Baltimore, MD – September 17, 2014 – The National Information Standards Organization (NISO) announces the publication of a special themed issue of Information Standards Quarterly (ISQ) on the topic of Open Access Infrastructure. As Guest Content Editor, Liam Earney, Head of Library Support Services, Jisc, notes, "2013 seems to have been a watershed for open access (OA). Driven by a number of policy announcements from funding bodies and governments worldwide, the question is no longer whether open access will or should happen, but rather how will it be implemented in a sustainable way." Earney has gathered in this issue of ISQ a wealth of insights from a wide variety of viewpoints—publishers, funders, universities, intermediaries, standards bodies, and open access experts on where we are and where we are going with a sustainable OA infrastructure.
In the feature article, ISQ Managing Editor Cynthia Hodgson highlights, through a series of interviews with experts in the OA arena, some of the major areas of infrastructure that are needed, including institutional policies, compliance tracking and reporting, publishing tools, new economic models and licensing, and sustainability. A glossary of key OA terms used throughout the issue is included.
The In Practice section describes the OA experiences of both a library and a publisher. Martin Moyle, Catherine Sharp, and Alan Bracey (University College London) describe the research library's perspective in The Role of Standards in the Management of Open Access Research Publications. The UCL Library is responsible for both the green OA repository and the management of gold OA publications within its institution. David Ross (SAGE Publishing) in A Publisher's Perspective on the Challenges of Open Access describes the experiences of SAGE in responding to "this evolving, competitive landscape." SAGE publishes on behalf of almost 300 learned societies, associations, and institutes and in 2013 "adopted one of the most liberal policies with regard to the authors accepted manuscript (AAM), allowing authors to post this in an institutional repository or their personal website immediately, with no embargo."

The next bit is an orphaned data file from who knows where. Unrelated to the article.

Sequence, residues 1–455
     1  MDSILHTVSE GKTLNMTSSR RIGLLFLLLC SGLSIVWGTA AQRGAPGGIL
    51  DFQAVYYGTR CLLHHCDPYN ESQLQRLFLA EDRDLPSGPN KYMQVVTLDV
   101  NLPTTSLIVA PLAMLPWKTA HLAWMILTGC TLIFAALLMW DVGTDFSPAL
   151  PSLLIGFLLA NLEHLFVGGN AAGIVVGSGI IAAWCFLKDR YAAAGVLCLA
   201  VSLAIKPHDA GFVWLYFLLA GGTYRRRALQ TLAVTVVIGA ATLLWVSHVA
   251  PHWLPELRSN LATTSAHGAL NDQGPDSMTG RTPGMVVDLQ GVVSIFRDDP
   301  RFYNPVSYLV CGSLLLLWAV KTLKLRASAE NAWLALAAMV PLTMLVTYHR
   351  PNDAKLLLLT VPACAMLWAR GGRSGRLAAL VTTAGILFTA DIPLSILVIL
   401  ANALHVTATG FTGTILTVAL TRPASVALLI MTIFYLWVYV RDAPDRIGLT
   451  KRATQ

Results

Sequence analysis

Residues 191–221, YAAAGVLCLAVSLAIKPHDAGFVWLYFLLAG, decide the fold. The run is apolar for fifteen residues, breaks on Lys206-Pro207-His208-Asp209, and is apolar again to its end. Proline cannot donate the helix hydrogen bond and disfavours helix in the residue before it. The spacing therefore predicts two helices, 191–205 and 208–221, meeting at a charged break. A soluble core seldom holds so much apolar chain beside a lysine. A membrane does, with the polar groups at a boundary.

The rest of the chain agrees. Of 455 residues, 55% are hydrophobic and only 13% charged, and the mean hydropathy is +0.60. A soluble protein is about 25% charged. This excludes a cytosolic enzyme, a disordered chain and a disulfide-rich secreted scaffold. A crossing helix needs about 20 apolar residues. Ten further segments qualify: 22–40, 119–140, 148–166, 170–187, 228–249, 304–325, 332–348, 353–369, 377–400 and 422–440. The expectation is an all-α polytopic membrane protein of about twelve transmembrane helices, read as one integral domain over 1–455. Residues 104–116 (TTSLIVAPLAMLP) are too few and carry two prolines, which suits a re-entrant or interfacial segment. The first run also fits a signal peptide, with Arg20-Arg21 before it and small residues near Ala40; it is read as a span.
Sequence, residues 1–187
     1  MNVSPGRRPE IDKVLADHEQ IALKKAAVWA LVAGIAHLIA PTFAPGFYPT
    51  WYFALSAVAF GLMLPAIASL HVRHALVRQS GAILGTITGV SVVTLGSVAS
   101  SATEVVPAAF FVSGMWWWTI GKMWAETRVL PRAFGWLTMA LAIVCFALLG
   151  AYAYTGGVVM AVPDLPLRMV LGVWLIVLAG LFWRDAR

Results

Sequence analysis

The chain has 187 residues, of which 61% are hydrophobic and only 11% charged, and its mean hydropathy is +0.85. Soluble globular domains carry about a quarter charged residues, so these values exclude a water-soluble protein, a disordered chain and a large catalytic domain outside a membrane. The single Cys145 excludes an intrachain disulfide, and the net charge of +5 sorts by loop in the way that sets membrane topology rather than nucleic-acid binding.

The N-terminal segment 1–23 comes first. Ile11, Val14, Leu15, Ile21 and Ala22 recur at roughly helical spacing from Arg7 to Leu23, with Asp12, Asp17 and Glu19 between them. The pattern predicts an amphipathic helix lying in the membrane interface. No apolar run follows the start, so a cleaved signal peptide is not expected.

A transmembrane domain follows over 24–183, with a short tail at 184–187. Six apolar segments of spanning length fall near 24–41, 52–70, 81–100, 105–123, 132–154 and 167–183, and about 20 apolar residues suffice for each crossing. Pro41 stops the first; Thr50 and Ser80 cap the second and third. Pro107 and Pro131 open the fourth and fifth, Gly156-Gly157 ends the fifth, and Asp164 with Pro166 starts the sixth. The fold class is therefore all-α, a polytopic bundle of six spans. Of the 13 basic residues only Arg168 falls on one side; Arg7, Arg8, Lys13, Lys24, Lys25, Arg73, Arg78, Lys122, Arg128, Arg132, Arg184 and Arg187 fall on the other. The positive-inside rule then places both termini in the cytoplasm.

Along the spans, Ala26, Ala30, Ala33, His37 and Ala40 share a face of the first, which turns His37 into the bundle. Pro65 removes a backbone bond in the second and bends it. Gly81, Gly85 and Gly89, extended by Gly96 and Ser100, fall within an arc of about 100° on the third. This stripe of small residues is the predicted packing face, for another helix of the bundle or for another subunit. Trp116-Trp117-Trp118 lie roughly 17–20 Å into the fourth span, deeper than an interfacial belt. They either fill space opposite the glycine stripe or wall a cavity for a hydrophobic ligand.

Two recent and important project initiatives in this space were launched in 2013: the SHared Access Research Ecosystem (SHARE) by the Association of Research Libraries (ARL), the Association of American Universities (AAU), and the Association of Public and Land-grant Universities (APLU); and the Clearinghouse for the Open Research of the United States (CHORUS), a cooperative effort involving publishers, funding agencies, technology and resource partners, and other organizations involved in scholarly publishing for the public benefit. In The Need for Research Data Inventories and the Vision for SHARE, Clifford Lynch describes the potential role of SHARE in the overall scheme of managing research data. "Most fundamentally, SHARE functions as an inventory of research data that is produced by scholars within the higher education community." Alice Meadows and Howard Ratner explain how CHORUS Helps Drive Public Access. "CHORUS supports public access to federally funded research by acting as an information bridge, linking the public to freely accessible journal articles directly on publisher platforms, where the articles can be read and preserved in their scholarly context."